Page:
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Suitable Container Materials for Plasma

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  1. Jan 18, 2014 #1
    Hi everyone,

    This is my first post here, so go easy on me. :)

    I am looking towards investigating the properties of plasma antennas, where a plasma is created in a sealed container, and the RF signal is either capacitively or inductively coupled and the transmitted.

    However, I am wanting to try a spherical shaped object. I would need to be able to pass two electrodes through opposite poles of the sphere, in order to create the plasma.

    However, I cannot seem to find any glassware which suits the bill. The closest object I can find is something called a chromatography reservoir, as below:
    3f45_1.JPG

    However, the necks on these are a bit small in diameter.

    I was wondering if it might be possible to use a material other than glass?

    Or perhaps someone might know of the correct name of the piece.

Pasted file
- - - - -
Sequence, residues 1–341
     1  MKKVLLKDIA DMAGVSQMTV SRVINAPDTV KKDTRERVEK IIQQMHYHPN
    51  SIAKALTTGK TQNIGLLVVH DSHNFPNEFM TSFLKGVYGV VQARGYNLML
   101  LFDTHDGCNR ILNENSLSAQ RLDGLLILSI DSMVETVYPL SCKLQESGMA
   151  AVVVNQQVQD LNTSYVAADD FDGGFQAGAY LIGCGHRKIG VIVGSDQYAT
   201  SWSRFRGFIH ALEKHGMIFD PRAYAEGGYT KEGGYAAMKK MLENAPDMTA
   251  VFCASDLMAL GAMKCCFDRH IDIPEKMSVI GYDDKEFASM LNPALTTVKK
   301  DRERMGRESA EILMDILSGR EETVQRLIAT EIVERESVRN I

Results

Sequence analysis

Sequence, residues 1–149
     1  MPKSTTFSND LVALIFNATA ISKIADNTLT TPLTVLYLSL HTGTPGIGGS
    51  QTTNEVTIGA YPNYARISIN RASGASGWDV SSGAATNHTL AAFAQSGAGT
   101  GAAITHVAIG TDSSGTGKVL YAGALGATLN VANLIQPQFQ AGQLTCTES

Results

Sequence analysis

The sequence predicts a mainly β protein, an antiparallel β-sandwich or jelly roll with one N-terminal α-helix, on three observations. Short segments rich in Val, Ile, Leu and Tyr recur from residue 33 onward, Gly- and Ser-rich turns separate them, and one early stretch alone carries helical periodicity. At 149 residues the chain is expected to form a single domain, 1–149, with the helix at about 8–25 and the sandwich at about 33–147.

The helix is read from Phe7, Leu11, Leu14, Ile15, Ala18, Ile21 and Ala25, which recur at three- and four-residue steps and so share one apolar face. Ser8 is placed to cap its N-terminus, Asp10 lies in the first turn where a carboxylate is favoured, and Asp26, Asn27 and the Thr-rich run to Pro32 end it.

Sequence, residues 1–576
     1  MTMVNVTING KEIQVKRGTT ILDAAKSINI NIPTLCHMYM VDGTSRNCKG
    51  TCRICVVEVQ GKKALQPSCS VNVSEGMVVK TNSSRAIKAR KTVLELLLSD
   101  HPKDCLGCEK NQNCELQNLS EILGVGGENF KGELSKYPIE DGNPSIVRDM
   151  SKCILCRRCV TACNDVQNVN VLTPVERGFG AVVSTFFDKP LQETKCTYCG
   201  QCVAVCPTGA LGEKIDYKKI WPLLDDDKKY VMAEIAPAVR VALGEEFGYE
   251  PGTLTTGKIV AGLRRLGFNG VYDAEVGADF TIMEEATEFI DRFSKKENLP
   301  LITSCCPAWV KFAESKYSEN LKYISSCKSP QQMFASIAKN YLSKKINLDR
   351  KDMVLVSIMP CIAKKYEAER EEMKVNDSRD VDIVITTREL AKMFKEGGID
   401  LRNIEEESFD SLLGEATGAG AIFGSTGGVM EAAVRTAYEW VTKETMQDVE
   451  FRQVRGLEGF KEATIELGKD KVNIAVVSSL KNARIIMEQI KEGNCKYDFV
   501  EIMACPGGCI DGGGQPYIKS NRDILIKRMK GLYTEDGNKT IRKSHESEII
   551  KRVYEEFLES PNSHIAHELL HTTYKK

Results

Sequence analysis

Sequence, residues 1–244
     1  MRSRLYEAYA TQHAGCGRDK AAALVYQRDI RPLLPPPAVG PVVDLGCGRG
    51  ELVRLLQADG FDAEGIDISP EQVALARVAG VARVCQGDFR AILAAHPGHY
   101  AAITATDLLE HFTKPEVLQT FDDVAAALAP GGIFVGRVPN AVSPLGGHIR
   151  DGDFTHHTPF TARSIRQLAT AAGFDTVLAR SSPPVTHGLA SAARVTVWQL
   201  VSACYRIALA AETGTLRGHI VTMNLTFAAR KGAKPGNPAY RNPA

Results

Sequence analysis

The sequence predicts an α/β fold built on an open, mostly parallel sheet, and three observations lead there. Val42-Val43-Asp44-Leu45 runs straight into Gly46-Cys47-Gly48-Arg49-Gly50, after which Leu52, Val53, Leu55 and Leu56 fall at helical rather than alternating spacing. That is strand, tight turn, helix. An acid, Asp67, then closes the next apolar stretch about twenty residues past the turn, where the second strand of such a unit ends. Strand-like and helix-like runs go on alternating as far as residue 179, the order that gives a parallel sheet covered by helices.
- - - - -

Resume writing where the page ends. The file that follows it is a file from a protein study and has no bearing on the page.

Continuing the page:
Many thanks for your help in advanced, everyone.

    Smithy
     
  2. jcsd
  3. Jan 19, 2014 #2

    Astronuc

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    Staff: Mentor

    If one wishes to make a plasma and observe it from the outside, then the vessel probably needs to be ceramic (e.g., glass). Depending on the gas, one could use a two or three neck flask. What gas is one planning on using.

    One could look at discharge lamps, e.g., those already filled with a particular gas, for examples.

    Inductively coupled plasmas (ICP) are used for material analysis through optical spectroscopy. That is another example.
     
  4. Jan 19, 2014 #3
    Many thanks for your reply, Astronuc.

    I intend on using Helium.

    I am also attempting to create the diffused sort of plasma, rather than the filament type. Will having the electrodes close together (in a two necked flask) affect this?

    Many thanks again,

    Smithy
     
  5. Jan 19, 2014 #4
    Also, thanks to the admin/mod who moved this to a more appropriate forum. :)
     
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